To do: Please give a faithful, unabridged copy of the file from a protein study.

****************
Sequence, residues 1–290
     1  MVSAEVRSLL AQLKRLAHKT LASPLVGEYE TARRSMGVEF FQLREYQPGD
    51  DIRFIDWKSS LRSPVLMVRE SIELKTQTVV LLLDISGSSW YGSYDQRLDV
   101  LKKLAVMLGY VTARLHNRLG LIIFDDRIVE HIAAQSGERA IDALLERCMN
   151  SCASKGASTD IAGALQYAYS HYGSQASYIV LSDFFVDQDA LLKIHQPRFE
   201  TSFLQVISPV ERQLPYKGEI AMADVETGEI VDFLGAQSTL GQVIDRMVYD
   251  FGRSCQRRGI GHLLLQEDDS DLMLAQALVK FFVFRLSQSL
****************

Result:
Sequence, residues 1–290
     1  MVSAEVRSLL AQLKRLAHKT LASPLVGEYE TARRSMGVEF FQLREYQPGD
    51  DIRFIDWKSS LRSPVLMVRE SIELKTQTVV LLLDISGSSW YGSYDQRLDV
   101  LKKLAVMLGY VTARLHNRLG LIIFDDRIVE HIAAQSGERA IDALLERCMN
   151  SCASKGASTD IAGALQYAYS HYGSQASYIV LSDFFVDQDA LLKIHQPRFE
   201  TSFLQVISPV ERQLPYKGEI AMADVETGEI VDFLGAQSTL GQVIDRMVYD
   251  FGRSCQRRGI GHLLLQEDDS DLMLAQALVK FFVFRLSQSL